public function authenticate($group_id = 0){...}
	public function is_logged_in(){...}
	public function is_admin(){...}
}

Excellent! We got the basic functionality out of the way. We are able to signup/login/logout/authenticate. We can even pass a group_id to authenticate to make sure they are part of a specific group.

Signup

public function signup($username, $password, $email) {
	$dbconn = @Database::grab(); // This WILL be different for you. I use a simple MySQLi wrapper.

	$origpassword =  $password; // store original password to send to them
	$password = hash('sha256', $password);
	if(!$dbconn->query($query))
		return false;
	else
	{
		// Send a nice email
		$message = '<b>Account Information:</b>';
		$message .= '<p>Username: '.$username;
		$message .= '</p><p>Password: '.$origpassword;
		$message .= '</p><p>Your profile: http://happypolack.com/user/'.$username.'</p>;

		send_mail( $email, "Welcome to Happy Polack!", "Hello and Welcome to Happy Polack!", $message );
	}
	return true;
}

There you have it! Now we can signup, well… except for the send_mail piece, let me give you the code for that:

function send_mail($to, $subject, $title, $msg)
{
	$headers = 'From: Happy Polack <you@example.com>'. "\r\n".
			'Reply-To: you@example.com' . "\r\n" .
			'X-Mailer: PHP/' .phpversion(). "\r\n";

	$headers .= 'MIME-Version: 1.0' . "\r\n";
	$headers .= 'Content-type: text/html; charset=iso-8859-1' . "\r\n";

	$message =  '<h1>'. $title.'</h1>';
	$message .= $msg;

	mail( $to, $subject, $message, $headers);
}

Basically, this nifty function automatically sets up the headers so we can use HTML in our e-mails and it automatically formats various features (this implementation could be spruced up with some neat css too).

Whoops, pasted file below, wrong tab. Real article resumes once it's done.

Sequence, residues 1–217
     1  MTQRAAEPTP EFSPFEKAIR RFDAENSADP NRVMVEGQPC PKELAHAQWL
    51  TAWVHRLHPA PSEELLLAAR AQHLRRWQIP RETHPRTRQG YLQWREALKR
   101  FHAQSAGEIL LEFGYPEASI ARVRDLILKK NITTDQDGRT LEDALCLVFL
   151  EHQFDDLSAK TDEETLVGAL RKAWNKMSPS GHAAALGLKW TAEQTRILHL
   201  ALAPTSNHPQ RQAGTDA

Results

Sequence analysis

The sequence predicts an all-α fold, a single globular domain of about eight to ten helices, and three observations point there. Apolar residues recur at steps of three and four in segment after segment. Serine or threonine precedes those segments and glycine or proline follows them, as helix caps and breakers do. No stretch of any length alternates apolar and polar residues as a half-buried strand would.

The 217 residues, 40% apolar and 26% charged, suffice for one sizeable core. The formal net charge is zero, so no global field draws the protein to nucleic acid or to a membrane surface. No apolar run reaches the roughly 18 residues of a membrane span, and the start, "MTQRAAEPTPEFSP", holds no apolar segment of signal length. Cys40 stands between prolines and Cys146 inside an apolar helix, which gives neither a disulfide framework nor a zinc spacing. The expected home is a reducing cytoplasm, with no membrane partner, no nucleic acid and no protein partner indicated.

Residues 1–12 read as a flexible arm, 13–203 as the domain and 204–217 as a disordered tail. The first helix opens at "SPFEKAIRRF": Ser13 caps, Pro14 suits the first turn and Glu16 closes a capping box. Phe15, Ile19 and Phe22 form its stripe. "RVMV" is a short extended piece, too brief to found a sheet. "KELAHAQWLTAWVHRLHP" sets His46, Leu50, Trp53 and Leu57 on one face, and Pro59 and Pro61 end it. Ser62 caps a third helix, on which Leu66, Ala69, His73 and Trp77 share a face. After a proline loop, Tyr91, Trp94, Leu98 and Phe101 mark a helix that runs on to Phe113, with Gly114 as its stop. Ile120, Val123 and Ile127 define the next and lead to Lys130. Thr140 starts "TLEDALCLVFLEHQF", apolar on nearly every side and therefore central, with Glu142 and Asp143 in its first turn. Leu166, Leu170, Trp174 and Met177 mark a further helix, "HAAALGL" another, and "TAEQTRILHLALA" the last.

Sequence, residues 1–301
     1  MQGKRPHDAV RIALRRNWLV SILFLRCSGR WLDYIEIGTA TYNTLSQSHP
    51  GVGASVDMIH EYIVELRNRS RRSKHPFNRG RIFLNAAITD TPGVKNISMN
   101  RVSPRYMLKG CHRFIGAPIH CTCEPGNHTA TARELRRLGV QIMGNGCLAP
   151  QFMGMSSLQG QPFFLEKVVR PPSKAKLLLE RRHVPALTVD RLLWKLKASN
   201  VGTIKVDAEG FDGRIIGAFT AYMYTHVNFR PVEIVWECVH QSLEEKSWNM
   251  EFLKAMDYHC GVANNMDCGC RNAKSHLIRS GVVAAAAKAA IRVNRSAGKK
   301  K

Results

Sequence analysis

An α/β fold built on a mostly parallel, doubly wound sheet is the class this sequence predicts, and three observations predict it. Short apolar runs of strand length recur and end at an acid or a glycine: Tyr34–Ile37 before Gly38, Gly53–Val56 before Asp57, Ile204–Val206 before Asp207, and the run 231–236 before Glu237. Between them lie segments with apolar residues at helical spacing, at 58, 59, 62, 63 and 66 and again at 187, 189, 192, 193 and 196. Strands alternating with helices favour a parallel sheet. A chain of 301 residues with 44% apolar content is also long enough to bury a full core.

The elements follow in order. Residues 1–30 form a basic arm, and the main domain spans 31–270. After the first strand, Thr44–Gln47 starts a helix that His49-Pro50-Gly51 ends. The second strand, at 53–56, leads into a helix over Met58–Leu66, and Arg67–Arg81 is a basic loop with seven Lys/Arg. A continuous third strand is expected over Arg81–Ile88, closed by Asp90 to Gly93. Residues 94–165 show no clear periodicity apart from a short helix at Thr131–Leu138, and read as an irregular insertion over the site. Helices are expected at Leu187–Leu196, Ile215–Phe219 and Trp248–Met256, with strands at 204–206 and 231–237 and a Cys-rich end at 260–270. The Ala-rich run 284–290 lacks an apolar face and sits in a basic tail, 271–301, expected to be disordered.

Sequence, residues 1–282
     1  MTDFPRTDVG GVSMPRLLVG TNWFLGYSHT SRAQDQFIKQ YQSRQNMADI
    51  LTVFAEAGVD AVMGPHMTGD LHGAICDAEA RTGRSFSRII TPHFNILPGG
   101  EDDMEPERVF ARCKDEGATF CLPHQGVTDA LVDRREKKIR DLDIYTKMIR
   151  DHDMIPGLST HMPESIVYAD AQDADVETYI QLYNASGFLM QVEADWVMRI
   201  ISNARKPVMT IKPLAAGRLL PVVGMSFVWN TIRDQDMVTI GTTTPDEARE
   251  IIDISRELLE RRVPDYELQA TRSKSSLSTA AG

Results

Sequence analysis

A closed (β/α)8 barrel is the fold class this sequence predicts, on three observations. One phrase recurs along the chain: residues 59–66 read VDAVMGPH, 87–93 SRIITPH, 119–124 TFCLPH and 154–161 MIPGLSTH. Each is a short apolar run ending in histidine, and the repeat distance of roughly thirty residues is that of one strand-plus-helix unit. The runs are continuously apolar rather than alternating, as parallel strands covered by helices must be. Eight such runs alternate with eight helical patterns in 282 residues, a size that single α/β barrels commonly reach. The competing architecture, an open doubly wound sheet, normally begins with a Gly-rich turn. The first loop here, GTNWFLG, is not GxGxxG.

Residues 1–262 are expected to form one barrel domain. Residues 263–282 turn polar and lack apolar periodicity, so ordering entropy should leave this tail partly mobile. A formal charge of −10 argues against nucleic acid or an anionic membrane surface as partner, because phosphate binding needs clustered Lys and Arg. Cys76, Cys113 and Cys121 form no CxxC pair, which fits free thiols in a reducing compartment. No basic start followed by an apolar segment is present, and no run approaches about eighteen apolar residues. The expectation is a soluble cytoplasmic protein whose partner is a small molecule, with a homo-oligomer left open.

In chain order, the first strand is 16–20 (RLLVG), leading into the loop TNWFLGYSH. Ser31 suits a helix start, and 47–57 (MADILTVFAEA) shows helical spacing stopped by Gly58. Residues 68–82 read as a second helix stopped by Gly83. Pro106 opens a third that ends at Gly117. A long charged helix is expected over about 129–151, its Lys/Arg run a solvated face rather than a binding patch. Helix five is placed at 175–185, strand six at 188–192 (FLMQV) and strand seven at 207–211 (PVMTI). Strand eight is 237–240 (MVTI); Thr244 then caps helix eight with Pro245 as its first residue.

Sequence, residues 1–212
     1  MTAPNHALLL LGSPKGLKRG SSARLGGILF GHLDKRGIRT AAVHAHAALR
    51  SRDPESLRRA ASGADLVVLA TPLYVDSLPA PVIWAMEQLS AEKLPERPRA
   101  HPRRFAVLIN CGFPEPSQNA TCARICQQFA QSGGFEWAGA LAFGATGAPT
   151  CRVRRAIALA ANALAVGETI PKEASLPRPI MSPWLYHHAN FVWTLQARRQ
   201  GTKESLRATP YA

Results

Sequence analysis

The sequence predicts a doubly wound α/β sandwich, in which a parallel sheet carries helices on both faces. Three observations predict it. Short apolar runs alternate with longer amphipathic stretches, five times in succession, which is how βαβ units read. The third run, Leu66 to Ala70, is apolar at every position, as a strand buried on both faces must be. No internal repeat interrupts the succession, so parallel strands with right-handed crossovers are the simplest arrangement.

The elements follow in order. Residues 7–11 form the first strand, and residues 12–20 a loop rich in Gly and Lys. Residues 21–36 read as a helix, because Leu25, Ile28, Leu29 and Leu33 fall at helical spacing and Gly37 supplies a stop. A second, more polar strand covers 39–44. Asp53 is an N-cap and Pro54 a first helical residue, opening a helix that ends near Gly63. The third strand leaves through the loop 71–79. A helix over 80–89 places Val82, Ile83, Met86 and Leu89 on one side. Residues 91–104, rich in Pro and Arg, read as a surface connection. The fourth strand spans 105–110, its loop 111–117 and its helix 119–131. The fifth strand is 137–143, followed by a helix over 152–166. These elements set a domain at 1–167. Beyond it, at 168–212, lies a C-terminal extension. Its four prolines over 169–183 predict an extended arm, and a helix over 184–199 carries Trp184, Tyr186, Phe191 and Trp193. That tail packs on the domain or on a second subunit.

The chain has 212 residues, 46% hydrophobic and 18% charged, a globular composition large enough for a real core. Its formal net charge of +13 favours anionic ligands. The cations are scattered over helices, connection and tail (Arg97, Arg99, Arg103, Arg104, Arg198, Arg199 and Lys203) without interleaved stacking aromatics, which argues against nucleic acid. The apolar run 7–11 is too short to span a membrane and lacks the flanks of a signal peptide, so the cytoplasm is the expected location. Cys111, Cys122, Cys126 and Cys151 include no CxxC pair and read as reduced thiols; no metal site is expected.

Login

public function login($username, $password) {
	$dbconn = @Database::grab();

	$epassword = hash("sha256",$password); // Encrypt using SHA256. We could also "salt" the password before hashing for added security.

	$query = "SELECT id, group_id FROM users WHERE username = '$username' AND password = '$epassword' LIMIT 1";
	$qData = $dbconn->query($query) ;
	if( $qData->num_rows > 0 )
	{
		$userData = $qData->fetch_array();
		$cookie = generate_token();
		$userID = $userData['id'];

		$query = "UPDATE users SET cookie = '$cookie' WHERE username = '$username' AND password = '$epassword'";

		if($dbconn->query($Query))
		{
			$this->user_id = $userID;
			$this->group_id = $userData['group_id'];
			$expire_time = 60*60*24*7+time(); // About one week
			// When we create the cookies, we pass the cookie's name, the value, the expire time and what piece of the site the cookie is valid on. I specify "/" to allow it to be usable throughout the whole website.
			setcookie("id", $userID, $expire_time, "/");
			setcookie("cookie", $cookie, $expire_time, "/");
			setcookie("username", $username, $expire_time, "/");

			// This piece is so that the COOKIE values are set immediately. When I left this piece out, I noticed it would take an extra page load for the cookies to register. This is because the cookies are generally sent with everyday headers and *it seems* that they are not processed right away.
			$_COOKIE['id'] = $userID;
			$_COOKIE['cookie'] = $cookie;
			$_COOKIE['username'] = $username;

			return true; // SUCCESS, now logged in!
		}
	}
	return false; // Bummer!
}

What’s happening here? Well, let’s get a pretty picture to clarify the order a little bit:

Generated with yUML - Does this help?

In easier terms: Check if the user is in the database -> if he is, put a random value into his cookie field for later authentication and set his cookies.

That reminds me, here is one last function, generate_token(), that is pretty essential, and simple, to get a random string of length 64.

// Return a random string of length 64
function generate_token() {
	return hash('sha256', uniqid(mt_rand(), true));
}

Next Time

Wow! Progress has been made. But there’s more to be had. We still need an authenticate function as well as a way to logout!

Phew.